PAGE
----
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From Beijing to Beethoven

Born in China, Tianwa Yang was a prodigy who began studying at the Central Conservatory of Music in Beijing at age 10. Performing with the Buffalo Philharmonic Orchestra in 2010, she played the Butterfly Lovers Concerto, an atmospheric Chinese piece.

When she returns to Kleinhans Music Hall on Nov. 19 and 20, we will see a different aspect of her art. Yang and her 1730 Guarneri Del Gesu violin -- on loan from its owner in Singapore -- will be exploring the Beethoven Violin Concerto. This is one of the most famous concertos of all time and beloved for its warmth and depth. JoAnn Falletta, the BPO's music director, will be conducting the concert. It should be a fine collaboration because they are used to working together. Yang joined Falletta and the Virginia Symphony on a recording of Stravinsky's "A Soldier's Tale," released recently on Naxos.

To complete the program, Falletta is conducting "A London Symphony," also known as the Symphony No. 2, by Ralph Vaughan Williams. This music was first performed in 1914, though Vaughan Williams revised the score several times over the years. You can hear the chimes of Big Ben and sense the timeless calm of the Thames. Vaughan Williams also captures the feeling of a foggy day in London town, with the image of a fiddler entertaining in front of a pub.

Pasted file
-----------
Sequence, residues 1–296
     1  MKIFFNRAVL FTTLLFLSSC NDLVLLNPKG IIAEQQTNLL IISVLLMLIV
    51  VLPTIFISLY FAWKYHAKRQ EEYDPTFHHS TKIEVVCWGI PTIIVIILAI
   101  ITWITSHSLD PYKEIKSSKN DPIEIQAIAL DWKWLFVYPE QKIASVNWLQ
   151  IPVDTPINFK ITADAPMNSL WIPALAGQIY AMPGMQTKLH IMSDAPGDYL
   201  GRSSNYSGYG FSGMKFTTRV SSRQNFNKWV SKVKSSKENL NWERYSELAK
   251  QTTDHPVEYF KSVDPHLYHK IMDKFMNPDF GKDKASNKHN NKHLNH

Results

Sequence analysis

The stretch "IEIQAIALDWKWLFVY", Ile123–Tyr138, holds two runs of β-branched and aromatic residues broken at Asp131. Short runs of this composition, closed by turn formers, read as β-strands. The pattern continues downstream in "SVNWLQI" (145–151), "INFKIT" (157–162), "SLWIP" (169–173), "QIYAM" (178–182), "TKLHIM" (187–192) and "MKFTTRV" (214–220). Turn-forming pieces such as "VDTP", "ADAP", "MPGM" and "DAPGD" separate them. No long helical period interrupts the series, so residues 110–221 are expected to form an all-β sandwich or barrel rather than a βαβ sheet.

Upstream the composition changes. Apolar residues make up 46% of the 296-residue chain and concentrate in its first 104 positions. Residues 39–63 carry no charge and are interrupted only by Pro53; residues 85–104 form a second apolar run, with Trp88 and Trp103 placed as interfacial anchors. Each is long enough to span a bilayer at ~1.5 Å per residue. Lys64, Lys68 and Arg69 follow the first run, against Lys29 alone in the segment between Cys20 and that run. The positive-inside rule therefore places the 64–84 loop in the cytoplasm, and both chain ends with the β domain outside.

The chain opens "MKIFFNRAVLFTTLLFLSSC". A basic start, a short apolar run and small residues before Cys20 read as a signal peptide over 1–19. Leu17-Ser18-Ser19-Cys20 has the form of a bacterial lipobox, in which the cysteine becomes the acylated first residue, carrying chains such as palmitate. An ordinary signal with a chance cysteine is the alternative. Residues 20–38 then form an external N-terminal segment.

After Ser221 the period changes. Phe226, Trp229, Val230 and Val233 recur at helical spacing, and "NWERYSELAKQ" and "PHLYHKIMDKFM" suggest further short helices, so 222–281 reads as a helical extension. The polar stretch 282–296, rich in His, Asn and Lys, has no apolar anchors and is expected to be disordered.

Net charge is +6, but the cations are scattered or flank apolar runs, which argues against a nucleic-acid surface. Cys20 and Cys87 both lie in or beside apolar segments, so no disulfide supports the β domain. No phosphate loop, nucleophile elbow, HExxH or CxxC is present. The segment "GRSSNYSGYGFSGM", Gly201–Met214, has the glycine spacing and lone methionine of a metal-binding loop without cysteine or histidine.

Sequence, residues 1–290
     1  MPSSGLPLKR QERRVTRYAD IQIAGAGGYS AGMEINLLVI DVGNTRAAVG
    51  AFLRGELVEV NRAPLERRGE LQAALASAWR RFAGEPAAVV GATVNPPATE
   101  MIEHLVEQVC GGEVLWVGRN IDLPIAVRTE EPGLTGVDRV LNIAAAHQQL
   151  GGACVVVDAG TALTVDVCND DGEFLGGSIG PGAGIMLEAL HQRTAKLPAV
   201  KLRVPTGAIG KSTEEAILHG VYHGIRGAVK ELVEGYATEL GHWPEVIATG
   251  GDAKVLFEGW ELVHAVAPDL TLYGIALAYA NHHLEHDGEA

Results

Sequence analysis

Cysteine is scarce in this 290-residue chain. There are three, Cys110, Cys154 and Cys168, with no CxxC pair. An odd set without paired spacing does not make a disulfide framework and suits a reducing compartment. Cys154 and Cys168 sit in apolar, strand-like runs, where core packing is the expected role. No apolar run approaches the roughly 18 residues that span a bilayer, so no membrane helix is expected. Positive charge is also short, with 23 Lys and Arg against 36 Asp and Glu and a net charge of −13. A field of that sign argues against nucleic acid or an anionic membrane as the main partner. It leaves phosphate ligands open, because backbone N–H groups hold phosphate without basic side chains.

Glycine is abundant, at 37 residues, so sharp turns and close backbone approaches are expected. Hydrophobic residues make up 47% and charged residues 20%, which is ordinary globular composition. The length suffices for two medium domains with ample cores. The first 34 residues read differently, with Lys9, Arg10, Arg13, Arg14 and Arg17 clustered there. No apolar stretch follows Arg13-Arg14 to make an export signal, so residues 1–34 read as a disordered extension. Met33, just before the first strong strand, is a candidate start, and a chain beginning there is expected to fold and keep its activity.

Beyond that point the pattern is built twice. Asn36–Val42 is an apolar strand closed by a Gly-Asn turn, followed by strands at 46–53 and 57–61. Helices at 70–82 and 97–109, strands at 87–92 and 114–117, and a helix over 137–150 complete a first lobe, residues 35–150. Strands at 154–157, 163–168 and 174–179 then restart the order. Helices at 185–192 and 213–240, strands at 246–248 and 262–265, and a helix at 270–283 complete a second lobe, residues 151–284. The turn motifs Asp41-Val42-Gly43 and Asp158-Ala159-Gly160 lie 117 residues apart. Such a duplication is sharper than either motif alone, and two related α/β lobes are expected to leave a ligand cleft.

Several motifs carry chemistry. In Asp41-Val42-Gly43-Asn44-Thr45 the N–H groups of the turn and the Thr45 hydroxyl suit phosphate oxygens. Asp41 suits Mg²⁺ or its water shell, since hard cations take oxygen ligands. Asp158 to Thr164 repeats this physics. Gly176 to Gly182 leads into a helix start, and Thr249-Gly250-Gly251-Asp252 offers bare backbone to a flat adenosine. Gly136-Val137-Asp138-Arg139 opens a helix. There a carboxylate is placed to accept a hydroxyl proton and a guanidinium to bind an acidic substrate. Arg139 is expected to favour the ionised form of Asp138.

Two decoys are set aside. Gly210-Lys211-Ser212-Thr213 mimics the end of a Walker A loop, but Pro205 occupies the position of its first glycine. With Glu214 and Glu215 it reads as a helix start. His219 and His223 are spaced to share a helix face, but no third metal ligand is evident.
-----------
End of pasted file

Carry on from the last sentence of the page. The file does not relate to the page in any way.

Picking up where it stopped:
Beautiful as it is, this symphony is an unflinching portrait of the city. The final movements make reference to London's slums, and to the crowds of people unable to find work. Vaughan Williams dedicated the piece in 1920 to George Butterworth, a very talented young British composer who was killed in combat in World War I.

The concert takes place at 8 p.m. Nov. 19 and 2:30 p.m. Nov. 20 at Kleinhans Music Hall. Admission is $29-$82. For tickets or info, call 885-5000.

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